Shaiya Online is something of a paradox, an intriguing game with some very big upsides but one glaring issue that is ultimately its death knell. Shaiya is a PvP-oriented game with some surprisingly deep PvE content. It features the standard fair as classes go but has some more advanced features, such as flying mounts and epic quests. Even though the game has the typical trappings of a South Korean MMOG, with its anime styled avatars and customary level grinds, it still manages to hold up fairly well through the leveling process with numerous dungeons and events.
I was introduced to the game by a co-worker who swore to me that it would be the best free-to-play I had ever tried. I am by and large immune to such hyperboles and I approached Shaiya as I would any other game--with my plus 10 jaded armor strapped on and polished to a shine. I was at first pleasantly surprised and then the other boot dropped; I reached level cap and found out why Shaiya would forever be near the top of the games I like the least-- If you want to succeed at end game, which is heavily PvP-centric, you needed to spend money in the item shop. Lots and lots of money. Nothing will kill a good game faster than forcing cash shop dependency and I was forced to reequip my too often used jaded armor and hasten my retreat.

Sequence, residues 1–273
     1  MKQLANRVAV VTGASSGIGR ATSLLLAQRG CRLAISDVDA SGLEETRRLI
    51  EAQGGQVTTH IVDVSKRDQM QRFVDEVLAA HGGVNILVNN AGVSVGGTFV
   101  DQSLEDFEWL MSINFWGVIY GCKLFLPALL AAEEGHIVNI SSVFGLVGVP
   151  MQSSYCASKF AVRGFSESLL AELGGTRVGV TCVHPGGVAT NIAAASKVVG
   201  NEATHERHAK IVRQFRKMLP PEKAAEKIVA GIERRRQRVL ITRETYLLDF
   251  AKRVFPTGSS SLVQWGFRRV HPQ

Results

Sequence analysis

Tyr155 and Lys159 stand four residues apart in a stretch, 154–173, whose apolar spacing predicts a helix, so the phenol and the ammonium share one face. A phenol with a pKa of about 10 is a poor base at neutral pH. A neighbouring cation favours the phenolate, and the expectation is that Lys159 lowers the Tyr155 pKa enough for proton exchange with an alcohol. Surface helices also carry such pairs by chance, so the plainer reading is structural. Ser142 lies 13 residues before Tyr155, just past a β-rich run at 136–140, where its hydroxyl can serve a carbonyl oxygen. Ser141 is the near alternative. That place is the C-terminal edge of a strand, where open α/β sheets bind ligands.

If you can somehow manage to keep yourself from the PvP scene, which is nearly impossible if youre any kind of MMO gamer, then Shaiya may just be one of the best free-to-plays on the market. Having to wall yourself off from such an integral part of the game or be forced to take out a second mortgage should be a huge red flag, however, and for that reason I have to advise you to pass on this one.
While these two are far from the only bad games out there in the segment (see our review of Magic World Online from last year for another great example) they highlight two of the very worst qualities found in free-to-playslack of originality and item shop dependence. With so many new gamers coming to check out this segment of MMOGs it is important that we continue to expose the poorly designed games as well as focusing on the best of the bunch.